Europe tries new peace bid for Ukraine as Kiev warns of war
European leaders are desperately pushing a new peace bid for Ukraine as the country slipped towards what its interim president warned Monday was already a "war" in the face of spreading violence.
Oleksandr Turchynov told Ukrainian television that roadblocks had been set up around the capital over fears of “provocative” action by covert Russian operatives on May 9, when Ukraine celebrates victory in World War II.
“War is in effect being waged against us, and we must be ready to repel this aggression,” said Turchynov, who has placed Ukraine’s armed forces on combat alert and reintroduced conscription amid fears of a Russian invasion.
The warning came as the ex-Soviet republic spiralled further into a chaos that many fear could result in open civil war.
In a last ditch effort to head off a wider confrontation, the chairman of the Organisation for Security and Cooperation in Europe, Didier Burkhalter, was due in Moscow on Wednesday amid calls for his group to mediate between Kiev and the separatists in the east.
But while preparations for his visit were under way, Ukraine’s military tightened its stranglehold around the rebel bastion of Slavyansk in the east, cutting off its main road access to the regional capital Donetsk and completely encircling the flashpoint town.
An AFP reporter in Slavyansk said explosions and small-arms fire were heard overnight although the centre remained relatively calm.
The violence wracking Ukraine has spread from pro-Russian bastions in the east to the scenic southern port city of Odessa, where dozens of people have died in clashes.
On Sunday, an angry mob of thousands of pro-Russian militants stormed the Odessa police headquarters and forced the release of 67 of their comrades who had been arrested during deadly clashes two days earlier.
Ukraine observed two days of mourning after Friday’s violence in Odessa, where running street battles between rival militants culminated in a building fire that killed 38 people. Four others died in gun battles.
– ‘Inefficient’ police –
On a visit to Odessa on Sunday, Prime Minister Arseniy Yatsenyuk vowed a full investigation into the violence and blamed what he called the “inefficient” police force.
The violence was part of a Russian plan “to destroy Ukraine and its statehood,” Yatsenyuk charged.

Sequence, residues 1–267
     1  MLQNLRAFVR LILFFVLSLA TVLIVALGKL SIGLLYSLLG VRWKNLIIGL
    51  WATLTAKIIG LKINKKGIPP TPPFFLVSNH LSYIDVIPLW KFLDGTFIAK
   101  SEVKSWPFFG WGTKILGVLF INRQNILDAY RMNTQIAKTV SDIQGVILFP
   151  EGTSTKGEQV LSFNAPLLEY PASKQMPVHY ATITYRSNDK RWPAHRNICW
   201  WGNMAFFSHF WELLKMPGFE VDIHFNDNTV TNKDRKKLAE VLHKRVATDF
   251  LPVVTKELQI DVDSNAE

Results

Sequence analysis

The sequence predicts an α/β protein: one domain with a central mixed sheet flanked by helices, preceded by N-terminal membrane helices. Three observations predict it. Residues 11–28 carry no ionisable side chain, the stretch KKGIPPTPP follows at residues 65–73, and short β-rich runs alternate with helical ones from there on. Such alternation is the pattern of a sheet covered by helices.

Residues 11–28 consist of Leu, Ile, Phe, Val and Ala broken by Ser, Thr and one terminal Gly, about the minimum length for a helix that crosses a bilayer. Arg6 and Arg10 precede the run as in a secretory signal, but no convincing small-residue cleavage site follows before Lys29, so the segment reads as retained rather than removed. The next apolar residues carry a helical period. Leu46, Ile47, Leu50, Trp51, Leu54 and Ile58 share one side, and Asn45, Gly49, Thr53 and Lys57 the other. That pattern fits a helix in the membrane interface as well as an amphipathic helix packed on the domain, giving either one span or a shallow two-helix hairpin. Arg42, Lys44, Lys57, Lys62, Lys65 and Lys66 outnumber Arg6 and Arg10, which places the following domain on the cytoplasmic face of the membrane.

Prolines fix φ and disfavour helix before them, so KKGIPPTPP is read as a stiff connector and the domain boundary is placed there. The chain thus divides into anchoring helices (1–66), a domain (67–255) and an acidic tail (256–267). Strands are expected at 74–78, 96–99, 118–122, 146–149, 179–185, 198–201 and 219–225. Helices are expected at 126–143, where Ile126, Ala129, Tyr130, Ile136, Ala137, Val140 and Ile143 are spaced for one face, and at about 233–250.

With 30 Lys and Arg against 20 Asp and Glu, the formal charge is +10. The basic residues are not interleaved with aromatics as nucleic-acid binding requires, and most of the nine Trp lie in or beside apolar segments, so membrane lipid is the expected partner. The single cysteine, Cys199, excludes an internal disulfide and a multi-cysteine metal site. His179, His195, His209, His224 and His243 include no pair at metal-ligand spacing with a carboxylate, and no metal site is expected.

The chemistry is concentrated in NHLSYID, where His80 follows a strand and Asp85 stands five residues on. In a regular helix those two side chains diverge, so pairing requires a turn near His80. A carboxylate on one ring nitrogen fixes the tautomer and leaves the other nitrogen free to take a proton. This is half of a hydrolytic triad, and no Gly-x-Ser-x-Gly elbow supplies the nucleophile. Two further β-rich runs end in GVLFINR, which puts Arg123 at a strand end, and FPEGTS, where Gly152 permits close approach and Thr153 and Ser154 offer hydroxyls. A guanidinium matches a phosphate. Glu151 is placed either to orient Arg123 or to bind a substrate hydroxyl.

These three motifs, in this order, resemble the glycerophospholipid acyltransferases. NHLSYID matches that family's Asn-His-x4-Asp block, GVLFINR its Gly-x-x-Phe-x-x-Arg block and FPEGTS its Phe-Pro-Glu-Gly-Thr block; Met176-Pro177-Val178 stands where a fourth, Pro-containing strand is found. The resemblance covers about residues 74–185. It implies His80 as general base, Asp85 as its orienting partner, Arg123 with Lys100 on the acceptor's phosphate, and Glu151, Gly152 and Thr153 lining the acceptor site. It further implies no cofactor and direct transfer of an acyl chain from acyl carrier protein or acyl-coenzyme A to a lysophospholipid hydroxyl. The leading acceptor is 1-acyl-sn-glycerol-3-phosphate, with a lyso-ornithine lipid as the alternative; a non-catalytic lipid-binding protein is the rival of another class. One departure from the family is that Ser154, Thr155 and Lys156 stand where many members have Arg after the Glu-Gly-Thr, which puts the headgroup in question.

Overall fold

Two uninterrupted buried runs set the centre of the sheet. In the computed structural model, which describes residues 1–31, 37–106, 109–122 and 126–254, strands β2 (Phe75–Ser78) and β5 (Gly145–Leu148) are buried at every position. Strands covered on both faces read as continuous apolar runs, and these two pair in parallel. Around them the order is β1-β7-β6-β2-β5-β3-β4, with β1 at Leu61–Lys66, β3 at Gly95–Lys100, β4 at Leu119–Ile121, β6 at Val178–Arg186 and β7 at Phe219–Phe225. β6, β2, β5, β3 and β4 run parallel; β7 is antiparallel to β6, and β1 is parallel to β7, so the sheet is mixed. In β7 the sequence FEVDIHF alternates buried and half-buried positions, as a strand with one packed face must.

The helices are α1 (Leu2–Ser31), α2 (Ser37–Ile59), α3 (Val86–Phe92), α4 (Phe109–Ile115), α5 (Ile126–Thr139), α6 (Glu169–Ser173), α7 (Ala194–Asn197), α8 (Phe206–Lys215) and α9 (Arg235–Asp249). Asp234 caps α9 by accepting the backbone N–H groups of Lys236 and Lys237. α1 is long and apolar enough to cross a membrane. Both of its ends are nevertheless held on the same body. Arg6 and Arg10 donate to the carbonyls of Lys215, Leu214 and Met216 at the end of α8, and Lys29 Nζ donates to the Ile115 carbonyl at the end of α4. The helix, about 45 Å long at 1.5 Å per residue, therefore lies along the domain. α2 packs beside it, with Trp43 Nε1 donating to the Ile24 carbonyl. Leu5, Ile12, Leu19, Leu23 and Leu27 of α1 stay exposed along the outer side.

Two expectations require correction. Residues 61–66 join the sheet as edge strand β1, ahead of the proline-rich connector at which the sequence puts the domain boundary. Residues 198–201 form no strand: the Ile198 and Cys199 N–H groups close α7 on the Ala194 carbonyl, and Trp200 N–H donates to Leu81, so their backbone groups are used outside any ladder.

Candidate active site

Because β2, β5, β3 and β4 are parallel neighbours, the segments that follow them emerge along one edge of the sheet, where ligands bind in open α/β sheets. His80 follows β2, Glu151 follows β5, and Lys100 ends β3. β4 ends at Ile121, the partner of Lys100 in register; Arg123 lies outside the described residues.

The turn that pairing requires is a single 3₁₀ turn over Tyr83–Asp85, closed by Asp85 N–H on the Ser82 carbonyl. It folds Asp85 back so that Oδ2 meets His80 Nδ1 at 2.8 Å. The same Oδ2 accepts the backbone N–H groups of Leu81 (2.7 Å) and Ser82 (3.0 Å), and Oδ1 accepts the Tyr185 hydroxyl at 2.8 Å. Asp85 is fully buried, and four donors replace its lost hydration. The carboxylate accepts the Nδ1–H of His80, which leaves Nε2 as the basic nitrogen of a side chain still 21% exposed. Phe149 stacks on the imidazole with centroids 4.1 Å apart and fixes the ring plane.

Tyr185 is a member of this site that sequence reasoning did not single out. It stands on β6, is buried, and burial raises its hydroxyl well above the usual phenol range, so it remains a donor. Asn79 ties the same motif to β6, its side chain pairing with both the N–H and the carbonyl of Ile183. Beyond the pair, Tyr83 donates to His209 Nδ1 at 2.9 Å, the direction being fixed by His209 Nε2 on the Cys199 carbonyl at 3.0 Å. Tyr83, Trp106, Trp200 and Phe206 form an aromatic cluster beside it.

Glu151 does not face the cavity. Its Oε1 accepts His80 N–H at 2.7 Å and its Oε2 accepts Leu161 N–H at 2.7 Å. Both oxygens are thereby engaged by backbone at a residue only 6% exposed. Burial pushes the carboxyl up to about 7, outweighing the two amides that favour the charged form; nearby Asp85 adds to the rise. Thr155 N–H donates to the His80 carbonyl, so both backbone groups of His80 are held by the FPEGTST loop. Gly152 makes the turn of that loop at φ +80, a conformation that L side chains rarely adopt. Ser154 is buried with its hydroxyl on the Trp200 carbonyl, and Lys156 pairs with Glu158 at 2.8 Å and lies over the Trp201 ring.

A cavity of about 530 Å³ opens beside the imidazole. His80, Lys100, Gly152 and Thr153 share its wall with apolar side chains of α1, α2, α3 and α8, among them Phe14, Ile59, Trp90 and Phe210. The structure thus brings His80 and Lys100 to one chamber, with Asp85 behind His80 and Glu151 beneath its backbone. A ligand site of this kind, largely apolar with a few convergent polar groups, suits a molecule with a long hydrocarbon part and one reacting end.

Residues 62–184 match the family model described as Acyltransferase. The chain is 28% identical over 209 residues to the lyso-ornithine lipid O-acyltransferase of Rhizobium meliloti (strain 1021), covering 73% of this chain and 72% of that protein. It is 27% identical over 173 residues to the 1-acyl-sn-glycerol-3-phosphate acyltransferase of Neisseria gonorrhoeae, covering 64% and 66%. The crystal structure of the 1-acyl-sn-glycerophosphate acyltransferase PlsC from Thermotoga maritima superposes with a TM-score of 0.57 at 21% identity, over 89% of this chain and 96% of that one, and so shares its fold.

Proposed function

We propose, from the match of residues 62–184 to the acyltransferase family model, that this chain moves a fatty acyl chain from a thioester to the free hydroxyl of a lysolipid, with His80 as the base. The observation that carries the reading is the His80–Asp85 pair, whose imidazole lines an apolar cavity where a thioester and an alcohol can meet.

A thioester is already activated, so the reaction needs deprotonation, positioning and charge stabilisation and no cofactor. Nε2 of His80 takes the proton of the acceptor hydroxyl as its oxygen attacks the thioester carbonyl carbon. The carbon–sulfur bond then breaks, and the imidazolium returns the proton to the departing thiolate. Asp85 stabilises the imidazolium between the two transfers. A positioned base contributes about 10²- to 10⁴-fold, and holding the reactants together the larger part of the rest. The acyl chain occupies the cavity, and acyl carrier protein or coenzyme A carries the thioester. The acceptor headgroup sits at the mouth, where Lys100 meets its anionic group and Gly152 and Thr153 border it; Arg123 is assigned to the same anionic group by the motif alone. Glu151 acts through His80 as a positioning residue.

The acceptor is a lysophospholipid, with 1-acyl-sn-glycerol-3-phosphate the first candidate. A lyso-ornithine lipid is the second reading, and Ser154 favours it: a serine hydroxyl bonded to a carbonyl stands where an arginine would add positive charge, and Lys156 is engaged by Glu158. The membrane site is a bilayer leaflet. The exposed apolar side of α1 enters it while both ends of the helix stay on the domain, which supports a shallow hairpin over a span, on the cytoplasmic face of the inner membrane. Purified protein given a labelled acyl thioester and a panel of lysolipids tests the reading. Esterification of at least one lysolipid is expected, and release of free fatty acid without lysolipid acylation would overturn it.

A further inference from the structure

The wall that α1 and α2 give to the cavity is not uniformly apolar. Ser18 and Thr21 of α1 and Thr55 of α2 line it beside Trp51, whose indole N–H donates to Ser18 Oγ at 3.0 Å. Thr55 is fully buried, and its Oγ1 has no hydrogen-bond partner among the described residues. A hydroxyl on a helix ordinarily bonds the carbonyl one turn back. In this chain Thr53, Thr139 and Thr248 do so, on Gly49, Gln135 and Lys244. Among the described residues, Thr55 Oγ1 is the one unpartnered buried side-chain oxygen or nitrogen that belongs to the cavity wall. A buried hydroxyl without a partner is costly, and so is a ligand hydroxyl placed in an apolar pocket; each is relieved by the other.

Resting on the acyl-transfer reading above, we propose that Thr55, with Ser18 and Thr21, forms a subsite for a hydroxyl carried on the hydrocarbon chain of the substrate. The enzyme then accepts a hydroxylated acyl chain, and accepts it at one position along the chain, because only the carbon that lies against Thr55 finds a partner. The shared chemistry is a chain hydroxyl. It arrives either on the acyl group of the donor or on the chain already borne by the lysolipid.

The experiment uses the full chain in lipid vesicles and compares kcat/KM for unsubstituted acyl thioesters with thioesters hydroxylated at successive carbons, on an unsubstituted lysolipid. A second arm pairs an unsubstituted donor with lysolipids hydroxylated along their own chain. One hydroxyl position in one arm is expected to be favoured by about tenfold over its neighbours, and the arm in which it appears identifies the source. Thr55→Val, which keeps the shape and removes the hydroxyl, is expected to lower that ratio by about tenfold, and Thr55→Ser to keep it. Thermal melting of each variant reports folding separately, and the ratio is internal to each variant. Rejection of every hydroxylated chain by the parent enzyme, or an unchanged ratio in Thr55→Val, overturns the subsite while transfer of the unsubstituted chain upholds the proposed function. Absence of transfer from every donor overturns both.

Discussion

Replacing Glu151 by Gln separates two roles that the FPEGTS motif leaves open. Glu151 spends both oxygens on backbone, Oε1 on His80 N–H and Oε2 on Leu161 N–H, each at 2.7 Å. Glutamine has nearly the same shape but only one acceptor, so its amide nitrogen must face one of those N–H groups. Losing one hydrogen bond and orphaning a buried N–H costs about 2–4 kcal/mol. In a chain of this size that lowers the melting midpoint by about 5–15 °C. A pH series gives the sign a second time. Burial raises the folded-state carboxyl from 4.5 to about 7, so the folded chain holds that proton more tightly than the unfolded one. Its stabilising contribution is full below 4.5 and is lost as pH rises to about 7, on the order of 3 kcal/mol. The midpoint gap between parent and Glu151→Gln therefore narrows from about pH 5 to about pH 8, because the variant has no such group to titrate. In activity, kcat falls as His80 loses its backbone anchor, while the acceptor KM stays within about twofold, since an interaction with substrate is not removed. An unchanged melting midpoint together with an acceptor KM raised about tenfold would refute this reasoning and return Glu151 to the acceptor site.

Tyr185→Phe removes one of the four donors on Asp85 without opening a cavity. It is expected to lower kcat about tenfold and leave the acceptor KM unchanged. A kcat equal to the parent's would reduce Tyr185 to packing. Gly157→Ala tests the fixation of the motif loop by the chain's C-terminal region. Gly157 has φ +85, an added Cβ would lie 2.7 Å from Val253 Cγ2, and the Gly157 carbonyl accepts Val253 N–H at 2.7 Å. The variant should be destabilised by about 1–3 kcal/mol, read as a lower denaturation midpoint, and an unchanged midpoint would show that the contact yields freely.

Interior Minister Arsen Avakov said on Monday that 42 of the remaining inmates arrested during the clashes would be moved to other parts to Ukraine to prevent further bids to spring them.
“The Odessa police acted in a disgraceful and possibly criminal way. The police chiefs have been fired. We are investigating their actions.”
Marches also took place in the industrial eastern hub of Donetsk overnight but AFP reporters said the city was calm early on Monday.
Kiev has vowed to continue what it calls an “anti-terrorism” operation to flush out rebels who have occupied more than a dozen towns and cities in the east of the country.
At least 10 people including four servicemen have died in the military action, focusing mainly around Slavyansk and the nearby towns of Kramatorsk and Kostyantynivka.
With the violence flaring on the ground, impetus was being given to the intense diplomatic efforts to dial down the national and geopolitical tensions. The crisis has already pushed East-West relations back to near Cold War levels.
– Round-table talks –
The visit by Burkhalter, who is also the Swiss president, was agreed in a phone call between Russian President Vladimir Putin and German Chancellor Angela Merkel late Sunday.
“Putin and Merkel stressed the importance of effective international action — especially by the OSCE — in reducing the tensions in Ukraine,” Russia said in a statement.
Merkel’s office said “round-table discussions” would be set up under OSCE auspices to “facilitate national dialogue before the presidential election” planned for May 25.
German Foreign Minister Frank-Walter Steinmeier told German television that he was in talks with the Russians, the United States, the European Union and the OSCE to hold a second peace conference in Geneva.
A first effort to defuse the crisis was agreed in the Swiss city on April 17. But Russia last week pronounced the accord dead after Kiev stepped up military operations that Moscow slammed as “war against its own people”.
As the diplomatic war of words heated up, Moscow has also criticised as “absurd” plans to hold the presidential election given the violence raging across the country.
Moscow’s stance has raised the prospect of tougher US sanctions on whole sectors of the recession-hit Russian economy.
US President Barack Obama has warned the West would step up its punitive action if Moscow continued what he called the “destabilisation” of Ukraine.
French Foreign Minister Laurent Fabius tweeted that Europe was “not responding as it should” to the crisis “because of its energy dependence” on Russia.
Moscow has threatened to turn off the gas taps to Ukraine — and by extension several European countries — if Kiev does not pre-pay its June bill.
Kiev and the West accuse Russia of fomenting the chaos in the former Soviet republic, a charge Moscow vehemently denies.
The separatists in Ukraine are preparing their own spoiler of the May 25 election by moving ahead with plans to hold an independence referendum on Sunday.
The presidential vote was called by Ukraine’s new leaders shortly after the ouster of pro-Kremlin president Viktor Yanukovych in February, the culmination of months of sometimes deadly pro-EU protests.